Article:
While Ford is burdened by poor quality and productivity at Land Rover and slow sales and excess capacity at Jaguar, Aston Martin is undergoing a fairytale revival - complete with its own mock castle. Richard Feast reports.
Aston Martin, one of the great icons of British motor industry heritage, is in the middle of a revolution. Over the past four years, it has laid the foundations of a new three-model range, pioneered new materials and production techniques, and created a dazzling new headquarters and assembly facility. It is recruiting employees and dealers around the world as part of a strategy to triple annual sales. In 2005, Aston Martin will launch a more affordable model and return to its motor racing roots.
Pause for breath. The dowdy old firm has experienced nothing like it in its 90-year history. It means wholesale change for a company whose mindset until quite recently was firmly stuck in 1959 - the one year Aston Martin beat Ferrari to win the World Sports Car Championship.
Aston Martin's fundamental problem was that for most of its life it lacked stability. The company was owned by a succession of people, each of whom was beaten by a cruel cycle of high investments and unpredictable demand. Like many an English aristocrat, Aston Martin seemed resigned to an existence of genteel poverty and fading memories of great days. It had class, but no cash. That has now changed for good.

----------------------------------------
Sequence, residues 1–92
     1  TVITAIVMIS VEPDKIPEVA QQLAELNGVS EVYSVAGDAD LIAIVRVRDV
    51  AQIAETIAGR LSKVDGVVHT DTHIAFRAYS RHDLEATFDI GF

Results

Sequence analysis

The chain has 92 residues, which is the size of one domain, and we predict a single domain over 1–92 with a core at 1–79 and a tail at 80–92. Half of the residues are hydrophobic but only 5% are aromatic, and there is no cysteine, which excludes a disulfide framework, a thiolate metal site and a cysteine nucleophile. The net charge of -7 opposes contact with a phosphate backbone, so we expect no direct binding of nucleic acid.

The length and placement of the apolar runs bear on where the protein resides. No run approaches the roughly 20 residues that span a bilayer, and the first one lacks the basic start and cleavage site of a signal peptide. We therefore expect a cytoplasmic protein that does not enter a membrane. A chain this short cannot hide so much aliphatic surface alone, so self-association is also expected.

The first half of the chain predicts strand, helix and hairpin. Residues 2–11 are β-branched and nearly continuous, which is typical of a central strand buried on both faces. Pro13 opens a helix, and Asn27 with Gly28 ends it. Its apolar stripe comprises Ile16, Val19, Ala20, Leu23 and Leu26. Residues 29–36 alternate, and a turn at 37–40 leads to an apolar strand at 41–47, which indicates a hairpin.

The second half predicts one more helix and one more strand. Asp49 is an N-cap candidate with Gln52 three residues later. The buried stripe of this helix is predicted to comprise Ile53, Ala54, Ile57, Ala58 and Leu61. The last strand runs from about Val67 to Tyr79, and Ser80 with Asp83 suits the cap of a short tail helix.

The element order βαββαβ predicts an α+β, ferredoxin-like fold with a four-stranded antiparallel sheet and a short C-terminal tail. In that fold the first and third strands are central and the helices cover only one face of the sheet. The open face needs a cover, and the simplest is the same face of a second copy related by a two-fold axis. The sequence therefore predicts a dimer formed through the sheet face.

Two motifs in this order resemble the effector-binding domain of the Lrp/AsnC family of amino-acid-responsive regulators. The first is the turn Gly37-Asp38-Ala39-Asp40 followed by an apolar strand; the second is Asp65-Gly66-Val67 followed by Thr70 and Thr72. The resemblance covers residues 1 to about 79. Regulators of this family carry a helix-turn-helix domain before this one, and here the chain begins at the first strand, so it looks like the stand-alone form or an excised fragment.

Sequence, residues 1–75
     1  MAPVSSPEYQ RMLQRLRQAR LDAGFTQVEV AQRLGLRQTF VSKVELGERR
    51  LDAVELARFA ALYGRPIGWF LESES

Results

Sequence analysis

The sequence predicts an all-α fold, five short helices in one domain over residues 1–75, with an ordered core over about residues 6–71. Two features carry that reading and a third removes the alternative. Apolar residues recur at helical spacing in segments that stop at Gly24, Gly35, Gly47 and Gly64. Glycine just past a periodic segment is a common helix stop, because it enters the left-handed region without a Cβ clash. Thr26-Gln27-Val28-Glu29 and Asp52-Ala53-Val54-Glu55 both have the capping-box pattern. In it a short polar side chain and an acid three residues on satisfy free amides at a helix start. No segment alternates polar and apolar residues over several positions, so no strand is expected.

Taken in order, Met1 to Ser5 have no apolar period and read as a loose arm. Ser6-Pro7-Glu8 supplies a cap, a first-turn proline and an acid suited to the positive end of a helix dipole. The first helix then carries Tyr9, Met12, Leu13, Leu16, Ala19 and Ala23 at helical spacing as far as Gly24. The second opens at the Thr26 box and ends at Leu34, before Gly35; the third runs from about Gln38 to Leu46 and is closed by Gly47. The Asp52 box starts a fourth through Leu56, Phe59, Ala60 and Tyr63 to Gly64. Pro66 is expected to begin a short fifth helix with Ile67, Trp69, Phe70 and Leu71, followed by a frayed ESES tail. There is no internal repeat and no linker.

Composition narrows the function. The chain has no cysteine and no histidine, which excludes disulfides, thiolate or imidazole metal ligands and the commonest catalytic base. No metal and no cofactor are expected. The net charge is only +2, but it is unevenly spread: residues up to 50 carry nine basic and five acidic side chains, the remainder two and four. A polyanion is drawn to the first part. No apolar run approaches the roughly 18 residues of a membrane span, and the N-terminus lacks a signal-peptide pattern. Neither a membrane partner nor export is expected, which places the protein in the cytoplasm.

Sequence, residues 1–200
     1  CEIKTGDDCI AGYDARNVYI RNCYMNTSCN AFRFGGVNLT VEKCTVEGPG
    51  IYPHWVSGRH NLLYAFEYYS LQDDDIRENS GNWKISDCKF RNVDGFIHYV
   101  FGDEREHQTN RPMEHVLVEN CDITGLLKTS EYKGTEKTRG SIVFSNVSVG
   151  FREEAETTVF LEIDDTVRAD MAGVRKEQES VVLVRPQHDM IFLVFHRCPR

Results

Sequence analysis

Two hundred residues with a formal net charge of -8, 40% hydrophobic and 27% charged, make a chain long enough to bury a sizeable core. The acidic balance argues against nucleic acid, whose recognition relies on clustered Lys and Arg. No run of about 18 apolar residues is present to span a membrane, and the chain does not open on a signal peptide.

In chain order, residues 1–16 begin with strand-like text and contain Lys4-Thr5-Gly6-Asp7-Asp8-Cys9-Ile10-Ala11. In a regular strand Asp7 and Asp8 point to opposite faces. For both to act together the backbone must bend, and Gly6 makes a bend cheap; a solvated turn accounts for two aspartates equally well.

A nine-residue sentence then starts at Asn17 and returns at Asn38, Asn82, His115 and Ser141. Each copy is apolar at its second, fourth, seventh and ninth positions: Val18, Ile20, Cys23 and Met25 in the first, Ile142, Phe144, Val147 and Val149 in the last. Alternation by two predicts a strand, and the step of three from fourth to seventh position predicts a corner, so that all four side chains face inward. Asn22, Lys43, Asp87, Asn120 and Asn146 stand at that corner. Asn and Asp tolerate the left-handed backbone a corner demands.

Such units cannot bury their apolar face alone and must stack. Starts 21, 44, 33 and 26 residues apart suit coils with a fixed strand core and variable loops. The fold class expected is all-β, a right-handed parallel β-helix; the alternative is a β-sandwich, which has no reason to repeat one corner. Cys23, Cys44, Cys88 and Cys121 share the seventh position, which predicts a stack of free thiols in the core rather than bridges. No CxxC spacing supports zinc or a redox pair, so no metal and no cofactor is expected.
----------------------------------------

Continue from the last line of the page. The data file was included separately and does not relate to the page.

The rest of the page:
In the late 1980s, with Aston Martin making fewer than 200 cars a year, Henry Ford II was persuaded that it was Ford's duty to help the quaint little English firm. Ford bought an initial 75 per cent share, but did not take full control until a decade ago.
Aston Martin gathered momentum under Ford, but the real turning point came in July 2000. That was when Dr Ulrich Bez became the firm's chief executive. Bez, 61, was a high-achiever at BMW and Porsche before being recruited to lead the product development team at Daewoo Motor in South Korea. When Daewoo's wild ambitions imploded in the late 1990s, Bez joined Ford and was appointed Aston Martin chief executive shortly afterwards.
His vision was to turn Aston Martin into a globally recognized British alternative to Ferrari. The transformation since he arrived suggests the ambition is not as naive as it sounds. The irony is that it took a German engineer from outside the company to realise the potential of Ford's asset.